The Bank governor conceded that central banks including his own should had warned that financial markets were underestimating the fragility of the banking market but should have done more.
He said: “With the benefit of hindsight, we should have shouted from the rooftops that a system had been built in which banks were too important to fail, that banks had grown too quickly and borrowed too much and that so-called ‘light-touch’ regulation hadn’t prevented any of this.”
Sir Mervyn also attacked banks for their role in the financial crisis and stressed that an overhaul of the financial system, including the ring-fencing of investment banks, was essential to make the UK economy safer.
In his speech Sir Mervyn said that in good times banks took the benefits for their employees and shareholders, while in bad times the taxpayer bore the cost.
He said: “For the banks, it was a case of heads I win, tails you – the taxpayer – lose.
“As the banks got bigger, so did the implicit subsidy – by the time of the crisis it reached many billions of pounds a year.
“The bigger banks became, the more they were seen as too important to fail and the surer markets became that the taxpayer would bail them out.”
But today King made a u-turn and said the system had failed and no one could carry the blame.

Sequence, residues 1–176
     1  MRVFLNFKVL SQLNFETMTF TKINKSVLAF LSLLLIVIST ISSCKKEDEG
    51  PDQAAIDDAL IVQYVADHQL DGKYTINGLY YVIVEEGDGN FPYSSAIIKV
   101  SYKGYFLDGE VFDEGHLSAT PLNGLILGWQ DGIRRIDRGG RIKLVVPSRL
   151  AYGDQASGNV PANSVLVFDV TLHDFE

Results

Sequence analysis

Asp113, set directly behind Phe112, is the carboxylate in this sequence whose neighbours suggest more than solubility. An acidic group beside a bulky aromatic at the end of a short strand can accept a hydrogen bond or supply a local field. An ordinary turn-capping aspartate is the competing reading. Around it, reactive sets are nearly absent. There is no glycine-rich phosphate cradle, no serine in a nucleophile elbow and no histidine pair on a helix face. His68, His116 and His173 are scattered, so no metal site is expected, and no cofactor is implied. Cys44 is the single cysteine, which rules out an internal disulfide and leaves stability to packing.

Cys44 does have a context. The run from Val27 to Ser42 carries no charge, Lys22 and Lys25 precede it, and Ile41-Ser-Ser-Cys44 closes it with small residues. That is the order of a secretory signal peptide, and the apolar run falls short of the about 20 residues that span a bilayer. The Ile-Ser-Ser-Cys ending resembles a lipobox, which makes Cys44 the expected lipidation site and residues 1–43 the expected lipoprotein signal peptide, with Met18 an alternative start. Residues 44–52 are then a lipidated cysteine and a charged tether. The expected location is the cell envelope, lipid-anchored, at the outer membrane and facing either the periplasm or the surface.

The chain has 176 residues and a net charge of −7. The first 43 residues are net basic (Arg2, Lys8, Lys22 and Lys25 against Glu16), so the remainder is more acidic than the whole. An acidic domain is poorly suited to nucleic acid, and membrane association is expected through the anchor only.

He told BBC Radio 4’s Today Programme following the lecture: “My main point was not to try to blame anyone – this was a failure of the system.
“Where the mistakes were was in not having enough policy instruments to deal with the imbalance.
“What we have now is a new financial policy committee at the bank that will be able to add to the instruments, so that when we see one part of the economy going ahead too quickly the financial policy committee can target that.”
He also conceded that the Bank may have been slow to react but claimed that it was hamstrung by the decision to move regulation to the Financial Services Authority in 1997, a reform “that would return to haunt us”.
In a veiled attack on the previous government and the regulator, King also revealed that he had pushed for a major recapitalisation of the industry in early 2008 but it was rejected because “it wasn’t a popular message”.